Of course, Apple is a fantastic stock. So what’s there to worry about. Perhaps the greatest stock in the history of the stock market. Going from a price of $10 in 2000 to $350 in 2010. Now they have 50 billion dollars in cash and the Mac, the iPhone, iTunes, the iPad, music in the cloud, and they might even develop a TV in the future. They’re just a juggernaut of a company that’s not going away. What if they’re able to make inroads in the professional market – sell more Macs on the enterprise front. What if businesses start to use Apple computers instead of PCs? There is nothing to worry about. Apple stocks is only going up, up, up.

However, when you borrow to invest you can get stuck and have to sell the stock to pay off your loans that will soon turn to interest rates of 10% or even 20%. That’s the rub. And then what if you miss one payment, just accidentally, having the money but forgetting to pay on the right date. There goes your low interest rate. It could then soar to 30% and you’ll also be charged a late via, which could then push you over your credit limit, resulting in another fee. What’s worse though is this will destroy your credit score and you want be able to borrow money at a low interest rate for some time.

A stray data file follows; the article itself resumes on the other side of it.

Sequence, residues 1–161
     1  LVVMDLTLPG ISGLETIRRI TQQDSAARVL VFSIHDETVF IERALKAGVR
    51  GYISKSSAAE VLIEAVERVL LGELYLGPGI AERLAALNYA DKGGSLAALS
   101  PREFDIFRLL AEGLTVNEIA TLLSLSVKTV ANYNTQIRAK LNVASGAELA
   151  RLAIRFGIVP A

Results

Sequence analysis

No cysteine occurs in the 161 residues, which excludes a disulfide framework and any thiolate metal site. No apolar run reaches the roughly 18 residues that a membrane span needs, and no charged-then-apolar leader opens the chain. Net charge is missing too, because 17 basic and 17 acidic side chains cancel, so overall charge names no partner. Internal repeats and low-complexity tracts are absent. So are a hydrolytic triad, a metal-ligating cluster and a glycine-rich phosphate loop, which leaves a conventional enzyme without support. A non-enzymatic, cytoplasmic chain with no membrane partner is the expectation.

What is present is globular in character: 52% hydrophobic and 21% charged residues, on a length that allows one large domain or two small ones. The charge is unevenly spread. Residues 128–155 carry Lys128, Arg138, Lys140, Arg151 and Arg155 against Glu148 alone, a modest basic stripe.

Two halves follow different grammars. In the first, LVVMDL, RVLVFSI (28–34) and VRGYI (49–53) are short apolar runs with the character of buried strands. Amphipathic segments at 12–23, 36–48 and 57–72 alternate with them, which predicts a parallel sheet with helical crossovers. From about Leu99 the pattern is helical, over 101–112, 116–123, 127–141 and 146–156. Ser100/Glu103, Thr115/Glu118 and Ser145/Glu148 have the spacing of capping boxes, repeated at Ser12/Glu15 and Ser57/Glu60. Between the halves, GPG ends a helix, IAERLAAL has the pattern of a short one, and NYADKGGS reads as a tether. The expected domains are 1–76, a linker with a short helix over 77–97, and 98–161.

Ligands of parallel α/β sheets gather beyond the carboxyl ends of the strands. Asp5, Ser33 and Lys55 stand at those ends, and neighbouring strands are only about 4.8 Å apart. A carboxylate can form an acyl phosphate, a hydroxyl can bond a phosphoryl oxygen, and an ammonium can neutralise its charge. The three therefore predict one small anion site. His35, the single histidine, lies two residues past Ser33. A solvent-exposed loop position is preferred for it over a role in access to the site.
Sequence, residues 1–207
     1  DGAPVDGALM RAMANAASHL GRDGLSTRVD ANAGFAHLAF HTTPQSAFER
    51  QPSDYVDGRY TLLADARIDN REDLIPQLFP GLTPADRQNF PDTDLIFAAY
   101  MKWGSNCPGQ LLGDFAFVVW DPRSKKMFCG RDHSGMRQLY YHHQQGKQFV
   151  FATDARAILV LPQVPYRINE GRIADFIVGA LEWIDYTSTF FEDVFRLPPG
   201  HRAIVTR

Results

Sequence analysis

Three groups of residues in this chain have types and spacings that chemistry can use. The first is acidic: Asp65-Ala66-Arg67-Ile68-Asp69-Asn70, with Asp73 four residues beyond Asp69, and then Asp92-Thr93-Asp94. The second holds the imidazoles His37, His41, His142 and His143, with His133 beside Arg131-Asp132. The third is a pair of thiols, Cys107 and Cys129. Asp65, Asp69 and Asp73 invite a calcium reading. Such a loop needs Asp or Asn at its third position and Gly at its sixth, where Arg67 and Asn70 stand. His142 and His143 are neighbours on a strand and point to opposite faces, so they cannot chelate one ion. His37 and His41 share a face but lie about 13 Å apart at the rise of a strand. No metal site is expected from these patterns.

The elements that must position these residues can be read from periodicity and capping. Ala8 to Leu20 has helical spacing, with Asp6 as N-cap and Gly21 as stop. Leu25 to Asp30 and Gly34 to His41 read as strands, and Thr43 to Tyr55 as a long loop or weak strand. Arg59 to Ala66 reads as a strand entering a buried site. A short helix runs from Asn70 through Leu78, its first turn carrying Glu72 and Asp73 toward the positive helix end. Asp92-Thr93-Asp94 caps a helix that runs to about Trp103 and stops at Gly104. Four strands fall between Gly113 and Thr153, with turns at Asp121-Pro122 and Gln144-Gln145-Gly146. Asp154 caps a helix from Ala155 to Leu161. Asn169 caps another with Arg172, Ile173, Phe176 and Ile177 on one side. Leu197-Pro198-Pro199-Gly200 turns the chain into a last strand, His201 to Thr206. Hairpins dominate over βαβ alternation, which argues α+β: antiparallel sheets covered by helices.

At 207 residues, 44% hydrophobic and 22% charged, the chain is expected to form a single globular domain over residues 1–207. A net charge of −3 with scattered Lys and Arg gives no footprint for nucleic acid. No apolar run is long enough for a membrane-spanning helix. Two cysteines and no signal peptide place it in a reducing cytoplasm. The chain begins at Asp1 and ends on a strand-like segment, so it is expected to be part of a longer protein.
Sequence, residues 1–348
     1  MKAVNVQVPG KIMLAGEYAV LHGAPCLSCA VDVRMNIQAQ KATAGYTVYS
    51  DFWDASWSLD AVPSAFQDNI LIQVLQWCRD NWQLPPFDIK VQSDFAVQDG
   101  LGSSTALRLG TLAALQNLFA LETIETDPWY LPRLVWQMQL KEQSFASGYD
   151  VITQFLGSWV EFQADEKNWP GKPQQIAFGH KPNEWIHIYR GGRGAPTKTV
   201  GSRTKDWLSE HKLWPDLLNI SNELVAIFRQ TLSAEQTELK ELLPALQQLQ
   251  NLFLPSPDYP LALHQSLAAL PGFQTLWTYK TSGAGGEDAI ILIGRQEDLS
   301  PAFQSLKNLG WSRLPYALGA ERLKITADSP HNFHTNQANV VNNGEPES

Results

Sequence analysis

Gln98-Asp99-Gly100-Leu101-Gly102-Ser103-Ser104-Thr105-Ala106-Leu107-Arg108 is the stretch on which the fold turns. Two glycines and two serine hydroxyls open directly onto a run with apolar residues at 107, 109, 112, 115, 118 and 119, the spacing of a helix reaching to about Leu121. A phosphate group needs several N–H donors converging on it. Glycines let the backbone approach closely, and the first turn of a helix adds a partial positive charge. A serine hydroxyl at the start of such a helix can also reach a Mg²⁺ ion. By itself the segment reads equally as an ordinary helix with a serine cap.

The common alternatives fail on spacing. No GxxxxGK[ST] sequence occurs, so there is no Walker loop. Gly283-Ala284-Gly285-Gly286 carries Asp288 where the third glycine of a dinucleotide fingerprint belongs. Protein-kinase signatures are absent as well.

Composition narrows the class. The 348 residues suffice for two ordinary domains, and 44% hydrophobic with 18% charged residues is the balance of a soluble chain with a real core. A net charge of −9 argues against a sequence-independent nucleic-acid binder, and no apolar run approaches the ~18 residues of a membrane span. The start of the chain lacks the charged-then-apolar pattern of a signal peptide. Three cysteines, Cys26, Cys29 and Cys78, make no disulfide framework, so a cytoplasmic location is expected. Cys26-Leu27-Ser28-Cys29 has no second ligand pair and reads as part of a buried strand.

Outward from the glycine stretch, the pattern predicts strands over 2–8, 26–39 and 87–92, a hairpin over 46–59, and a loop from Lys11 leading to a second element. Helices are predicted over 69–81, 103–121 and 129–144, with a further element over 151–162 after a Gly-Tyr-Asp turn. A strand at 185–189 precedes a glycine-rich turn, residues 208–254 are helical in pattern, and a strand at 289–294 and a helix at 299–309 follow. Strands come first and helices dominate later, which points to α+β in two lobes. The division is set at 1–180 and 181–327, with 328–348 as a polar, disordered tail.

Plus, a stock like Apple has no dividend. There’s no cushion or reason to hold on to the stock if the financial market seems on the verging of falling off a cliff. The big players and hedge funds sell the stock hand over fist, especially since it requires a fair amount of capital to buy the stock, since during the crash it was close to $200 a share late in 2007. It is those ‘player’ stocks, those high flyers, that go down first and fast, as in dropping to nearly $80 dollars a share in January of 2009. As they say, “Stocks take the stairs up but the elevator down.” All you hear is the sound wooosh, the door slamming on your stock after he lives it’s once high price. Even Apple, with all their cash on the balance sheet.